Google To Pay £2bn For Home Electronics Start-Up Nest

Max 'Beast from the East' Smolaks covers open source, public sector, startups and technology of the future at TechWeekEurope. If you find him looking lost on the streets of London, feed him coffee and sugar.

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Two former Apple executives will join Google as part of the deal

Google has announced plans to acquire intelligent home electronics developer Nest Labs for $3.2 billion (£2bn) in cash and expects to complete the deal in the next few months, giving the search giant the means to physically enter people’s homes.

“They’re already delivering amazing products you can buy right now–thermostats that save energy and smoke/CO alarms that can help keep your family safe,” said Google CEO Larry Page. “We are excited to bring great experiences to more homes in more countries and fulfill their dreams!”

Home invasion

Founded by former Apple executives Tony Fadell (who reportedly didn’t get along with Jony Ive) and Matt Rogers in 2010, Nest develops just two household devices. The Nest Thermostat is full of sensors that can establish the number and location of people in the house, and alter the temperature accordingly. Meanwhile, the Nest Protect smoke detector can tell its users the exact location of a possible fire.

3019628-slide-i-1-nest-reimagines-the-smoke-detector-with-less-false-alarm-hassleHeadquartered in California, the company says its mission is to reinvent the “unloved” categories of home appliances and turn them into beautiful, networked devices.

Fadell, who previously worked on the hardware design for the older iPod and iPhone models, first met Google’s Sergey Brin at a TED conference in 2011. Later, Nest devices proved to be  popular with Google employees, and Google Ventures invested heavily in the company.

After the acquisition Nest will remain a separate entity, led by Fadell, its current CEO. It will also continue to support iOS devices, despite the fact that Google competes with Apple in the mobile operating system market.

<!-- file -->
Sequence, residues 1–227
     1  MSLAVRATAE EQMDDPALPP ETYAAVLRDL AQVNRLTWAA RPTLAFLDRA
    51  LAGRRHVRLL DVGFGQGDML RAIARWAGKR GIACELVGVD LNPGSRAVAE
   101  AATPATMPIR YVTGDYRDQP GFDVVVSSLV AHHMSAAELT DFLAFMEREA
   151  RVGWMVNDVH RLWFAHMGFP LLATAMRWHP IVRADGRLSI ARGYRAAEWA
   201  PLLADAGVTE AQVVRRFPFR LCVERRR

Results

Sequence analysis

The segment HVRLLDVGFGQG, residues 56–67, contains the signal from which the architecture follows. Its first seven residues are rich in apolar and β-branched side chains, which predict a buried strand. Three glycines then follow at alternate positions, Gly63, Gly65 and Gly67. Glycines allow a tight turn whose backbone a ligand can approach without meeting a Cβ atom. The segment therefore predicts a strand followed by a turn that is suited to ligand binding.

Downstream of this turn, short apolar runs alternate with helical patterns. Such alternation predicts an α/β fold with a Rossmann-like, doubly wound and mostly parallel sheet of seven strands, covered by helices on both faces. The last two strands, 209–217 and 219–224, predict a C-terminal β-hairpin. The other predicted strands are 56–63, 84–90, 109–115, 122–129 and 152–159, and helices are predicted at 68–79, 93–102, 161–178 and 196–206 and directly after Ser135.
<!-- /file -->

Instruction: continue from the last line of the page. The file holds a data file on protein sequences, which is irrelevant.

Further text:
Nest will also keep its customer data separate from Google’s databases. “We’ve always taken privacy seriously and this will not change,” promised Rogers. “We know you entrust your homes and information to us and are committed to protecting that the same way we’ve always done.”

It is not clear what Google plans to do with the new property, and it seems even Nest employees are scratching their heads. However, combined with Google’s speech recognition and other cloud technology, the deal could result in a number of completely new types of home electronics.

“Google will help us fully realize our vision of the conscious home and allow us to change the world faster than we ever could if we continued to go it alone. We’ve had great momentum, but this is a rocket ship,” said Fadell.

“The news today that Google has purchased Nest Labs shows that 2014 is clearly going to be the year of IoT (Internet of Things),” commented Pontus Noren, co-founder and director of Cloudreach.

“Cloud will be the binding factor that’ll underpin IoT. It’s no coincidence that Google, one of the biggest players in the cloud market, has entered the consumer electronics market with such a big leap. Companies looking to embrace IoT must engage with experts in data storage and utilisation early in the decision making process, to create a consolidated, elastic and centralised data landscape to support these innovations.”

This is the latest in a series of recent acquisitions, which has seen Google purchase seven highly successful commercial robotics laboratories, including Boston Dynamics, in the space of just six months.

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